“Who are you, and why are you running?”
This is the first question everyone asks, and I like to answer with this:
Come back with me to about two years ago.
It was unusually warm for a November day – sunny and barely any wind. I’m out on a golf course, so you can smell the grass and hear the sound of golf carts zipping around, and you can see the marmots out everywhere sunning themselves, the whole thing.
It also smelled like fresh dirt – because they had already begun to clear an area to build the new Procter R. Hug High School.
This was the groundbreaking celebration for that project, and I remember it like it was yesterday for a couple of reasons.
First of all, the kids were sooooo excited! They were just beaming! There were huge smiles, laughter, and you could tell that they had that special joy that you get when something you never really believed would come to pass actually happens.
I was really excited, too, because I am a proud graduate of Hug. To be a part of giving this incredible gift back to that community is just amazing.
See, I was at Hug when McQueen was opening, and it felt like all the middle-class kids got to go to the new school while all the poor kids got left behind in old Hug High School.
That was not a good feeling. But the feeling with these current Hug students was completely different!
I moved to that area of town in the eighth grade. We lived in the neighborhood around Pat Baker Park. I’m not sure many other people felt this way, but moving from where we lived in the projects in San Francisco to here sorta felt like the Jeffersons; we were moving on up! We rented a house and had a yard…. Don’t get me wrong: we were still poor, but at least this was an improvement.
While growing up, my mother drilled into us that education was the key you wanted to have a better life, being successful, and making something of yourself. So, I went to the University of Nevada. I was the first in my family to graduate from college, and I eventually went on to earn a doctorate degree. That was the end of my days of being poor, changed my life, and led to a great career at the University. And now, as a small business owner, I am blessed to do well.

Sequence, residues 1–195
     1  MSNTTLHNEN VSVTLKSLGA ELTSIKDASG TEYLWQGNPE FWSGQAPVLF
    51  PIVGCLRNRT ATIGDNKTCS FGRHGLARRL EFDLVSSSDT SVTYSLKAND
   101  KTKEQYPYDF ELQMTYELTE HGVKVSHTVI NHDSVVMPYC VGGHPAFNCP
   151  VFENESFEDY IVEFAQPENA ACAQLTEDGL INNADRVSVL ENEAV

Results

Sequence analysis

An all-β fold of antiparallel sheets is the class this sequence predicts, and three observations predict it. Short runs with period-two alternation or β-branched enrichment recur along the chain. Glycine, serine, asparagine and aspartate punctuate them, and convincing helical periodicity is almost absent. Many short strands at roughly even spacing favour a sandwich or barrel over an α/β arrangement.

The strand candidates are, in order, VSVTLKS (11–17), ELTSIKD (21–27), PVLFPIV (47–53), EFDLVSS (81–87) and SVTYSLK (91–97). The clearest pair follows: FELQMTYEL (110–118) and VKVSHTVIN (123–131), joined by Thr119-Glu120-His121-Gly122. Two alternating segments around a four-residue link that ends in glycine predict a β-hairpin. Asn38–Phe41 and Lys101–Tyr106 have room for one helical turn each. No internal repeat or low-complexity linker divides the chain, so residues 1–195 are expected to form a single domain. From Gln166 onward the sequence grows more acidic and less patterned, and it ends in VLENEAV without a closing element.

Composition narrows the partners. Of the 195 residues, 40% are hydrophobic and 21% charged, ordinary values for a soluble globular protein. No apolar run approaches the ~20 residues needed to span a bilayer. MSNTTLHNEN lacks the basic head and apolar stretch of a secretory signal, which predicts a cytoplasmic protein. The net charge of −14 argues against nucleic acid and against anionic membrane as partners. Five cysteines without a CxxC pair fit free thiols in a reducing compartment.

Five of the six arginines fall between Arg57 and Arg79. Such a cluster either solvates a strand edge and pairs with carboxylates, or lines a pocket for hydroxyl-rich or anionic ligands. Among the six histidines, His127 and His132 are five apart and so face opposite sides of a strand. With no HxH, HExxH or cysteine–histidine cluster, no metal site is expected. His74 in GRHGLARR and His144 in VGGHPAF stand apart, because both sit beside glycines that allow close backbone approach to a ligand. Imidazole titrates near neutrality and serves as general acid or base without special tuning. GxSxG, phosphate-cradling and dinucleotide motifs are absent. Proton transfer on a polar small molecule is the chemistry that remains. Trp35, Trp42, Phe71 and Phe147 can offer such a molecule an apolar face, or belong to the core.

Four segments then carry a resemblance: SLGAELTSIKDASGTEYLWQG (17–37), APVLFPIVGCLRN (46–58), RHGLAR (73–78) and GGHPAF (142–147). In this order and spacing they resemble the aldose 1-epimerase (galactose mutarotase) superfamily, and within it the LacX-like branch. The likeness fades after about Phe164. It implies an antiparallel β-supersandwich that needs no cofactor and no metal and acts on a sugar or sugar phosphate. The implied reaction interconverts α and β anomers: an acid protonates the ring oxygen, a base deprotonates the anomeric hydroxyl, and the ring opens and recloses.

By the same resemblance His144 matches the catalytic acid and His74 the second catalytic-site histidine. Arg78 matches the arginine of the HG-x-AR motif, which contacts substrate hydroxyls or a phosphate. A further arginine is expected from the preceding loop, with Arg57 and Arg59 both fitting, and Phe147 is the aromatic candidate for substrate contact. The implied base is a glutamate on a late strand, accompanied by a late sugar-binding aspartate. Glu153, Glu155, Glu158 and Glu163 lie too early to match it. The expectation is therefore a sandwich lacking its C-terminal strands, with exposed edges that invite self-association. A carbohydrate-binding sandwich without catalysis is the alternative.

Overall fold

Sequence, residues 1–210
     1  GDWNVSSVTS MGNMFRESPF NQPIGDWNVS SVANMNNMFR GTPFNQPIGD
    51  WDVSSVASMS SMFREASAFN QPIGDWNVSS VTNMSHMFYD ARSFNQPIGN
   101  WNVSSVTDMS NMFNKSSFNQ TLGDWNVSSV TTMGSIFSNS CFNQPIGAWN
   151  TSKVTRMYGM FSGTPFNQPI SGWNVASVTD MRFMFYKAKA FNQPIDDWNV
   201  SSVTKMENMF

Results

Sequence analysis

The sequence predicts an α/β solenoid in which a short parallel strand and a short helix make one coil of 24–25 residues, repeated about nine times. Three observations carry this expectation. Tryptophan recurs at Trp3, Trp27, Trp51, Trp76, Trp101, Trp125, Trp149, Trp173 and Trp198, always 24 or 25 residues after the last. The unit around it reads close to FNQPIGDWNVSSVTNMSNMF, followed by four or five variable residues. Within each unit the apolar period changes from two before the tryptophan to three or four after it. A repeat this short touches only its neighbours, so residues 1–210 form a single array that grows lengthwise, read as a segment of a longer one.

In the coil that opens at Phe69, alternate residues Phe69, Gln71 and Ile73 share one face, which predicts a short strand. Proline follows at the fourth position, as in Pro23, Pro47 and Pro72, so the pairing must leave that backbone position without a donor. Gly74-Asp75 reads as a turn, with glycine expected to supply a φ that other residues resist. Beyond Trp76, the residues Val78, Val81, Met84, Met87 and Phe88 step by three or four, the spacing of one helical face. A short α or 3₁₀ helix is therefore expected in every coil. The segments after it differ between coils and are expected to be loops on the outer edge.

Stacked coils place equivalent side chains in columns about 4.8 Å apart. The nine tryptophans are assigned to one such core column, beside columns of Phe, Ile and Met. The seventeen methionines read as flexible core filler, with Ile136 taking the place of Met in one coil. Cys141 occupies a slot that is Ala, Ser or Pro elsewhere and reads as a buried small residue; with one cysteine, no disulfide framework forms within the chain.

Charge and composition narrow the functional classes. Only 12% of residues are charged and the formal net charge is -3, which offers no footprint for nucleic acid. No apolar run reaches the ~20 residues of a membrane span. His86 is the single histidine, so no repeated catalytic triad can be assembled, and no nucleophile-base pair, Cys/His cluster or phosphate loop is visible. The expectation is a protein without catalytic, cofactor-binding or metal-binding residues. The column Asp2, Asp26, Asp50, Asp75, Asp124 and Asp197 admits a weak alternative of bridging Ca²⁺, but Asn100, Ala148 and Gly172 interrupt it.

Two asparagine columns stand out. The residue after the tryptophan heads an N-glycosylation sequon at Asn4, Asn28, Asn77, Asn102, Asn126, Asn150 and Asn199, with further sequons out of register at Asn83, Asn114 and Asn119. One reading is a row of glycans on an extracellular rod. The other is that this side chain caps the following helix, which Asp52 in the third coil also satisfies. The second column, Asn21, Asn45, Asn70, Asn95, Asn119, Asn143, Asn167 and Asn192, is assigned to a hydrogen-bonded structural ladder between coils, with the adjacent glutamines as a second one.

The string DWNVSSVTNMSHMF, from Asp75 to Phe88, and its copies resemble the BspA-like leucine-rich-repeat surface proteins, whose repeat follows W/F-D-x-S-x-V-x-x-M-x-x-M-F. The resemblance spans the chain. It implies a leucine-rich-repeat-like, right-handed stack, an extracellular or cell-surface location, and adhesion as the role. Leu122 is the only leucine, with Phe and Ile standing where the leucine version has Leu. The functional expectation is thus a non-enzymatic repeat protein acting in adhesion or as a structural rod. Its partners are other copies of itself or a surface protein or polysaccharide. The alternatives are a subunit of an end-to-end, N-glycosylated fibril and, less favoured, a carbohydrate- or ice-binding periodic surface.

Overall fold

It was my passion for education that originally inspired me to join the school board.
The power of education was what originally inspired me to get on the school board. Since being on the Board, I’ve learned that there are actually a lot of pathways to good-paying jobs, and many don’t require a college degree. And I’m very proud to support the growth of those programs as more avenues to the middle class for our students.
Back to that day of the groundbreaking for the new Hug High School. It was so meaningful because it demonstrates the improvements that we’ve made in education over the past seven years that I’ve been on the board. We kept our promises with that WC-1 money. We’ve added career education programs, enhanced the social and emotional learning curriculum, raised graduation rates, and so much more. Of course, there’s still a lot of work to be done. But for me, with the new Hug opening this Fall, a new superintendent at the helm, and an opening at the Legislature, I feel like this is a good time to take what I’ve learned on the school board and continue to help improve our schools from a new position. In addition to focusing on helping families that grew up as I did, I bring the perspective of a business owner, which would add value to the Legislature.
But if there’s one “big reason” why I’m running, I want you to think of this: picture me at that groundbreaking ceremony, smiling and laughing with those students from my alma mater, at the celebration of keeping our promises and improving our schools. That’s the kind of incredible work that we can do together – the work I’ve been blessed to be a part of and the work that I want to see continue in our community.